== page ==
Monday, October 13, 2008

Election Oracle 2008: Quebec

In Quebec, at the start of the campaign, the Tories were all set to scoop up perhaps up to 20 seats from the Bloc. But that all changed as the Bloc, aided by the other opposition parties, were able to make the arts funding cuts a major issue in Quebec. As Tory numbers plummeted to below their 2006 level, the Bloc continued to rise. It may be that the Bloc’s surge has abated, but for the Tories, the damage has been done: the majority is denied.

The Liberals remain strong in Montreal, and may win some Bloc seats there, but are a non-player in most regions outside the city. The NDP has seen its support more than double in the province, with strength in Montreal and the capital region, but that seems to have subsided late in the campaign. The Conservatives will struggle to hold on to their seats, while the Bloc will emerge from the campaign seemingly renewed.

Montreal region

In the region of Montreal, there are 22 seats, of which 10 were won by the Bloc and 12 by the Liberals in 2006. The NDP’s Thomas Mulcair later won the long-time Liberal seat of Outremont in a by-election and looks set to be re-elected there. The NDP is running a very strong campaign in Westmount-Ville Marie with star candidate Anne Lagacé-Dowson, but I predict a Liberal hold. The only other changes for this region are two Bloc seats that will likely be re-taken by the Liberals: former MP Eleni Bakopanos who lost by less than 1,000 votes in 2006 is running in Ahuntsic and will likely take that seat, while Justin Trudeau, son of Pierre, is running in a very tight race in Papineau and will likely defeat Bloc MP Vivian Barbot. Thierry St. Cyr, the Bloc MP for Jeanne-Le Ber, will likely hold his seat, despite a strong challenge from both the Liberals and NDP.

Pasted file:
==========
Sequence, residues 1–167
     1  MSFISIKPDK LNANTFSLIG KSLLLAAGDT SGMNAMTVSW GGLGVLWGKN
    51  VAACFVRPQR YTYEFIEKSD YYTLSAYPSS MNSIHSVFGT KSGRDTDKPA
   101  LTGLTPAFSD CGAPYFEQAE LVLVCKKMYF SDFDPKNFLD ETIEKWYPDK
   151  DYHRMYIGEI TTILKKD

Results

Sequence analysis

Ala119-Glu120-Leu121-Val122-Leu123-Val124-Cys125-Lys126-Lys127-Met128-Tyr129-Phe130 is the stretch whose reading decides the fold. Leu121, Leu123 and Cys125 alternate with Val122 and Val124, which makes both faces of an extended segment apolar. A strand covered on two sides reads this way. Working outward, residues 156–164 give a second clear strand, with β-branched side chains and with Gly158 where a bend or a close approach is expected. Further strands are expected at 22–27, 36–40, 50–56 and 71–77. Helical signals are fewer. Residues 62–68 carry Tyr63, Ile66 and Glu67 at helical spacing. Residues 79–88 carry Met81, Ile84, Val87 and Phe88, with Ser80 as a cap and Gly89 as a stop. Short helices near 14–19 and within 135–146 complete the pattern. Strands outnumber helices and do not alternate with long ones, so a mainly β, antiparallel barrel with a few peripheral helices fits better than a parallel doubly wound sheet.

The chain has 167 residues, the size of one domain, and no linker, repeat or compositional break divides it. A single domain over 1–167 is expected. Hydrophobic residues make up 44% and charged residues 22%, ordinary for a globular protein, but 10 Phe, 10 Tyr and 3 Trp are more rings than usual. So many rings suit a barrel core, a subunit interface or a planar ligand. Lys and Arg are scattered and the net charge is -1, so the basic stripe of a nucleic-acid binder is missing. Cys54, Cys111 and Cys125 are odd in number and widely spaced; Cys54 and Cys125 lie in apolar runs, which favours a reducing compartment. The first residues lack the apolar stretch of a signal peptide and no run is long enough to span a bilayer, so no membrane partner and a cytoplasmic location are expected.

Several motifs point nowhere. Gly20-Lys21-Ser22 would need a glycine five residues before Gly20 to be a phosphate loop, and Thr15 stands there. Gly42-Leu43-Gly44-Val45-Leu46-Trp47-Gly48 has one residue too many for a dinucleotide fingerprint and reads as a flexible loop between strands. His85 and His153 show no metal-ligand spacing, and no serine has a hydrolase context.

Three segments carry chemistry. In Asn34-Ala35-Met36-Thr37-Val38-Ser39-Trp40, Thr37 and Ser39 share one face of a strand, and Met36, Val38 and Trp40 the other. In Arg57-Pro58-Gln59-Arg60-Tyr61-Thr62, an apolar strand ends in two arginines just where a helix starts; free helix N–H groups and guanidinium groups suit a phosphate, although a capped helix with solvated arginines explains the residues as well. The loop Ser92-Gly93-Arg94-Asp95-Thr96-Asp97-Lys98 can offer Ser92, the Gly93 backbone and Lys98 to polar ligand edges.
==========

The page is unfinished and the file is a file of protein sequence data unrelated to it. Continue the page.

2006 result: Lib 12, Bloc 10, NDP 0
2008 prediction: Lib 13, Bloc 8, NDP 1

Northern Quebec

Northern Quebec has ten seats, of which nine were won by the Bloc in 2006. The Conservatives won one seat here in 2006 and added another in a 2007 by-election. I predict the Conservatives will hold their two seats, including Jonquière-Alma, where polls apparently show the Bloc ahead of Tory MP Jean Pierre Blackburn. The Bloc should easily hold their remaining eight seats.

2006 result: Con 1, Bloc 9
2008 prediction: Con 2, Bloc 8

Rest of Quebec

The rest of Quebec, which comprises a variety of very different regions, contains 43 seats. In 2006, 32 went Bloc, while 9 went Conservative, one went Liberal, and one elected an independent. The rise in Bloc fortunes has shifted the political scene toward one very similar to 2006 and I expect remarkably few changes as a result.

The only change I do predict is that the Conservatives will lose MP Luc Harvey in Louis-Hébert. While they’ll hold the rest of their seats, they’ll be disappointed when Senator Michael Fortier loses in Vaudreuil-Soulanges. Independent quasi-Tory MP André Arthur will have no problem being re-elected in his riding.

As for challengers, in Brome-Mississquoi, it looks like the Bloc’s strength will ensure that Liberal Denis Paradis will fail in his comeback bid. In Gatineau and Hull-Aylmer, two seats very heavily targeted by the NDP, I predict re-election for the Bloc and Liberal candidates, respectively. In Rimouski, where Bloc-turned-Independent MP Louise Thibault is running, expect the new Bloc candidate to win. The Bloc should also win again in the closely watched ridings of Sherbrooke, Saint-Lambert, and Saint-Hyacinthe-Bagot.

2006 result: Con 9, Bloc 32, Lib 1, NDP 0, Ind 1
2008 prediction: Con 8, Bloc 33, Lib 1, NDP 0, Ind 1

Provincial total

2006 result: Con 10, Bloc 51, Lib 13, NDP 0, Ind 1
2008 prediction: Con 10, Bloc 49, Lib 14, NDP 1, Ind 1

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